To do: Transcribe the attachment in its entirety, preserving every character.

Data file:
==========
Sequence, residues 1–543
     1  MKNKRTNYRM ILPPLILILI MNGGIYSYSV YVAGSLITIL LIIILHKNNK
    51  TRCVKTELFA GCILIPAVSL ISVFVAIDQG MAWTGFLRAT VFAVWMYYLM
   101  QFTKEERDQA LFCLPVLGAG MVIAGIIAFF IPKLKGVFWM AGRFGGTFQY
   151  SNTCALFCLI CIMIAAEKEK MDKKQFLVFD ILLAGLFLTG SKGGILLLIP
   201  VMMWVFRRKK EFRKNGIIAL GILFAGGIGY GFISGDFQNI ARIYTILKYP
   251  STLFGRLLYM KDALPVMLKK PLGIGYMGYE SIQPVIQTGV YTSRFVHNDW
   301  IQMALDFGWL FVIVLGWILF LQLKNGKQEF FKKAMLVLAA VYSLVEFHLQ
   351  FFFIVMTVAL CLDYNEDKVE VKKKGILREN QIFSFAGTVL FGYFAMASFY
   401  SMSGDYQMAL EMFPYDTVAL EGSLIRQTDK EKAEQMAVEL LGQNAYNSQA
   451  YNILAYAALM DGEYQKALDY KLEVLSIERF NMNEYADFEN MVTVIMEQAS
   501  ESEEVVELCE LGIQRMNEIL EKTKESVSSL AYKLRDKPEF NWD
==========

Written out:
Sequence, residues 1–543
     1  MKNKRTNYRM ILPPLILILI MNGGIYSYSV YVAGSLITIL LIIILHKNNK
    51  TRCVKTELFA GCILIPAVSL ISVFVAIDQG MAWTGFLRAT VFAVWMYYLM
   101  QFTKEERDQA LFCLPVLGAG MVIAGIIAFF IPKLKGVFWM AGRFGGTFQY
   151  SNTCALFCLI CIMIAAEKEK MDKKQFLVFD ILLAGLFLTG SKGGILLLIP
   201  VMMWVFRRKK EFRKNGIIAL GILFAGGIGY GFISGDFQNI ARIYTILKYP
   251  STLFGRLLYM KDALPVMLKK PLGIGYMGYE SIQPVIQTGV YTSRFVHNDW
   301  IQMALDFGWL FVIVLGWILF LQLKNGKQEF FKKAMLVLAA VYSLVEFHLQ
   351  FFFIVMTVAL CLDYNEDKVE VKKKGILREN QIFSFAGTVL FGYFAMASFY
   401  SMSGDYQMAL EMFPYDTVAL EGSLIRQTDK EKAEQMAVEL LGQNAYNSQA
   451  YNILAYAALM DGEYQKALDY KLEVLSIERF NMNEYADFEN MVTVIMEQAS
   501  ESEEVVELCE LGIQRMNEIL EKTKESVSSL AYKLRDKPEF NWD